Microservices are a result of the DevOps movement and represent a new approach in software development. In contrast to monolithic software development, microservices support a loosely coupled architecture and the independent scaling of each component. The exact definition of a microservice may vary, but standards have started to emerge.
Monolithic software development is not inferior to microservices, as both have their pros and cons. However, organizations with a greater need for agility and scalability have started to favor the microservice approach. Microservices are suitable for any industry and can be implemented to rapidly build new services, scale across cloud infrastructure or even to break down monolithic software into smaller and more manageable services. The growth and hype of microservices is due to their ability to adapt to changing requirements.
The “micro” in microservices refers to the scope of the solution and does not necessarily reflect the size of an application or its data. By limiting the scope, a small team can build, manage and operate the microservice. The team has a complete overview of the services and its functionality and thus can quickly make changes to meet customer’s demands. Each microservice is a fully independent application with its own logic, API and data. This means each microservice can be deployed, updated and scaled individually without disrupting any other services that make up the application.
Microservices’ main advantage come from speed, so it’s imperative to have a team using agile methodologies to rapidly release changes. Team members will have expertise in one area while being a generalist in many others, allowing the small team to respond to business needs.
Software Development and IT Operations must work together and processes should be streamlined. Microservices teams continuously deliver new iterations that require a flexible operations strategy. To achieve this, no one tool or platform will be enough and standards must be established.
Microservices need to keep running, and this means that the infrastructure has to support the constant deployment of microservices to not only scale up existing services, but also to support new microservices on demand. Often companies use containers, PaaS and various cloud providers to create an adaptive infrastructure.
Business is changing faster than ever and IT needs to keep up to prevent digital disruption. The need for speed is core motivation behind microservices, as they let small teams react to new business requirements and implement changes in a short amount of time. Additionally, microservices scale more efficiently than monolithic software since each service can run independently.
Scaling Comparison: Monolith vs. Microservices
A microservice’s ability to scale is one of the key advantages to the microservice approach in comparison to monolithic software. In the image below, it’s easy to see the advantage microservices have when scaling. In combination with Container Management Solutions like Kubernetes or Docker Swarm, individual services can automatically be scaled up to meet peak hour demands. And of course, also scaled back when the demand falls.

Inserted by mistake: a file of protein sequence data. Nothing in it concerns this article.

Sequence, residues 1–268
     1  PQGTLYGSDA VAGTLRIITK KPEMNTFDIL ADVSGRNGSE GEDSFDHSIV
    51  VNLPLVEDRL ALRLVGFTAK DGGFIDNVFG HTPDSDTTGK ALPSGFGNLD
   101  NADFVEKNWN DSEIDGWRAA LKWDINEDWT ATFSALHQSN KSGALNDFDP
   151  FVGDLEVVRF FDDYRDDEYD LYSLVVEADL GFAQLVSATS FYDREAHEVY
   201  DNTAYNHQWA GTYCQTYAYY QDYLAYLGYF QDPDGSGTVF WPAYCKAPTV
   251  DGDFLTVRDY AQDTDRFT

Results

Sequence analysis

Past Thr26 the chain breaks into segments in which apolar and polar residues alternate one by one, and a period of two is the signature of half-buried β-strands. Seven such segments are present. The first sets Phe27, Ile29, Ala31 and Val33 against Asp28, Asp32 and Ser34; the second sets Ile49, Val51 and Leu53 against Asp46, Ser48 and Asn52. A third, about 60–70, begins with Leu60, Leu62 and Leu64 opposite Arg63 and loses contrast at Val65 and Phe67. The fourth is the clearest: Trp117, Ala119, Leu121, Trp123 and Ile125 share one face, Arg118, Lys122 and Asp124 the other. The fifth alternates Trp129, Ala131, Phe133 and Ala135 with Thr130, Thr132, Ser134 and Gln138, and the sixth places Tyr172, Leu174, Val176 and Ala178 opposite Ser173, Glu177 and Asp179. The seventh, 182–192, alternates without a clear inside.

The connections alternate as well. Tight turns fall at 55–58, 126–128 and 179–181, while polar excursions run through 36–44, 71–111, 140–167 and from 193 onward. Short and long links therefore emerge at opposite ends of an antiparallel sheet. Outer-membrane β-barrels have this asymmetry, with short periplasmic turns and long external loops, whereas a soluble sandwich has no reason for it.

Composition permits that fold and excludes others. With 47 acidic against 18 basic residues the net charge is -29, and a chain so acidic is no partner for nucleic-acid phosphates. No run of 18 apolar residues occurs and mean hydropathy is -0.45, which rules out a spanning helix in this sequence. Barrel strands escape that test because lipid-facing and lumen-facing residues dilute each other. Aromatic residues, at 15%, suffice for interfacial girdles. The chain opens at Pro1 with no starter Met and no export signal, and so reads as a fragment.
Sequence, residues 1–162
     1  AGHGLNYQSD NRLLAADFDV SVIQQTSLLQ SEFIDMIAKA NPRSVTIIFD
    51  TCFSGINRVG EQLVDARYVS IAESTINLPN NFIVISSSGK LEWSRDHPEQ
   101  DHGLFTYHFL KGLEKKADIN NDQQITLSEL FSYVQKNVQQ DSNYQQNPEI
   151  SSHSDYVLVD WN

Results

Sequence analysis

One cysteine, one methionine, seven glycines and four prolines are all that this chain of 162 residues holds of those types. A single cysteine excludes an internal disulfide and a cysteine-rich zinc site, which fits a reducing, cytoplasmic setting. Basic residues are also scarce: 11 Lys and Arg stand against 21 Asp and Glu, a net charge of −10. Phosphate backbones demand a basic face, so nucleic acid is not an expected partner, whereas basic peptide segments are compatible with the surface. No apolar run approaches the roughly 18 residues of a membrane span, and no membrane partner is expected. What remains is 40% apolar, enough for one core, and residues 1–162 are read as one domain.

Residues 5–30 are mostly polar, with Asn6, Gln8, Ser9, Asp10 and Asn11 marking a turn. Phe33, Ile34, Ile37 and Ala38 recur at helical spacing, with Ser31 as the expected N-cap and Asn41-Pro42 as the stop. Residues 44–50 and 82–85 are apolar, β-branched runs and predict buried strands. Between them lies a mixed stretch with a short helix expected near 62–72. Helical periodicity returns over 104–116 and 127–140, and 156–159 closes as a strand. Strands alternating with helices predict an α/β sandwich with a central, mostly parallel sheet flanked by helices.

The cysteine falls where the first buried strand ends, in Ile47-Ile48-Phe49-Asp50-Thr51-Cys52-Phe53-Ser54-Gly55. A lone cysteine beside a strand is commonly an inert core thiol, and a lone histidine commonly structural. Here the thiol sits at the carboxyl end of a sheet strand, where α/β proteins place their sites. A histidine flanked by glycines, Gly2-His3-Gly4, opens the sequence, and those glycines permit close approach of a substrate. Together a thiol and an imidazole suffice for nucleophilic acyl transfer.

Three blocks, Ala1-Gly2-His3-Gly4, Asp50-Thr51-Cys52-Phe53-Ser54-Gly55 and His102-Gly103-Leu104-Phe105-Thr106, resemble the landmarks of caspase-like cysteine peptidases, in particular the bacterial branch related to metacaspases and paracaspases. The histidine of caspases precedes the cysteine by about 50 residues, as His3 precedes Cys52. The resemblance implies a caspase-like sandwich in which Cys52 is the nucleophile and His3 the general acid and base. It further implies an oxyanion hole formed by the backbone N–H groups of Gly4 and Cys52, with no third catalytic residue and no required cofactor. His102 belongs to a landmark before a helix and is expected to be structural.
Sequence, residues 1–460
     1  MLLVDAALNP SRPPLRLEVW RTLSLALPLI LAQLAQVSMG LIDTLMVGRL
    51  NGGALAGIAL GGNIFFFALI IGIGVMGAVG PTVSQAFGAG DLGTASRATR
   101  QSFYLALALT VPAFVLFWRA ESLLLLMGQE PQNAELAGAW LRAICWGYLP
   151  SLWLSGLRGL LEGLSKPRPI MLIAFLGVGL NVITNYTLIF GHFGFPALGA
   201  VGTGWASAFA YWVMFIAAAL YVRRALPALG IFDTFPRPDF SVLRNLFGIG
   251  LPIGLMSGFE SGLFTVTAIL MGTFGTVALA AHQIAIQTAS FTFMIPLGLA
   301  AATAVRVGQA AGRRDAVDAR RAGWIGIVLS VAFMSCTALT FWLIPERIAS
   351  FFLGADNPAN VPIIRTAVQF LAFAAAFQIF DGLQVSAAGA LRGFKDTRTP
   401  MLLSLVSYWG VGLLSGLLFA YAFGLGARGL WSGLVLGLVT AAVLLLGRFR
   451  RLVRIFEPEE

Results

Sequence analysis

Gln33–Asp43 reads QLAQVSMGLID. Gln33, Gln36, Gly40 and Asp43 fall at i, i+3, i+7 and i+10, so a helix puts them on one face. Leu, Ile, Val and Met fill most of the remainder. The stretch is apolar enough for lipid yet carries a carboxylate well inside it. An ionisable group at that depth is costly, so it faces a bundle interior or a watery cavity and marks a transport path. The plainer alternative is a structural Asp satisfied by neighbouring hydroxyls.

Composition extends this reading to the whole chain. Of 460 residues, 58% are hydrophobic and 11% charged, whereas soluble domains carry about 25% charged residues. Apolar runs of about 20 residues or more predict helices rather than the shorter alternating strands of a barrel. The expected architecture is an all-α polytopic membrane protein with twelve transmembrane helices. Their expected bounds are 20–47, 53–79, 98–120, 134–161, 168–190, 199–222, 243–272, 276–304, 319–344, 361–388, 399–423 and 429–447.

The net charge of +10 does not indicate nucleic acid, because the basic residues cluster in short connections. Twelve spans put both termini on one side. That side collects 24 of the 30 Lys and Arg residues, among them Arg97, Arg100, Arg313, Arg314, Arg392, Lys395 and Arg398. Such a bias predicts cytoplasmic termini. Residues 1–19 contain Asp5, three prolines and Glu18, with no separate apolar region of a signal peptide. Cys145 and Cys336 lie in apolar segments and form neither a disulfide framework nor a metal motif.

In comparison to the monolith, microservices give developers the choice to use the tools they see best fit to overcome their specific challenge. Rather than selecting one set of tools to fulfill all the requirements of a monolith and forcing developers to create a solution with the prescribed tools, each microservice can use different technologies since they are independent services. This means the team can select their choice of programming language, database and libraries based on their skills and the challenge at hand.
This not only makes for more productive developers, but allows companies to hire a wider range of developers, who may not have fit into their previously traditional monolithic software approach. Microservices enable a polyglottal approach and leads to happier and more effective developers, while also letting developers implement new technologies without disturbing the status quo.
Each team selects the tools for their microservice.
Since each team is small and their microservice fulfills only a scope of larger applications, each microservice can quickly adapt to changing business needs without having to make changes to a more complex system. The constant evolution of microservices is the pinnacle of business agility, providing the closest IT and Business alignment possible.
The team manages the microservice through the entire lifecycle.
The team behind a microservice is 100% responsible for it – from conceptualization to deployment and ultimately until the microservice is retired. Microservices can be and are retired when they no longer fulfill a business need, are replaced by a new microservice or when the team decides the microservice does not justify its costs in its current form.
|Microservice Approach||Traditional Software Development|
|Do one thing and do it well. That is the motto of microservices, though this is not to be confused with the actual size of the microservice, but rather the goal and scope of the logic.||Do (almost) everything. Traditional software development builds comprehensive solutions to tackle many challenges for a group of end users.|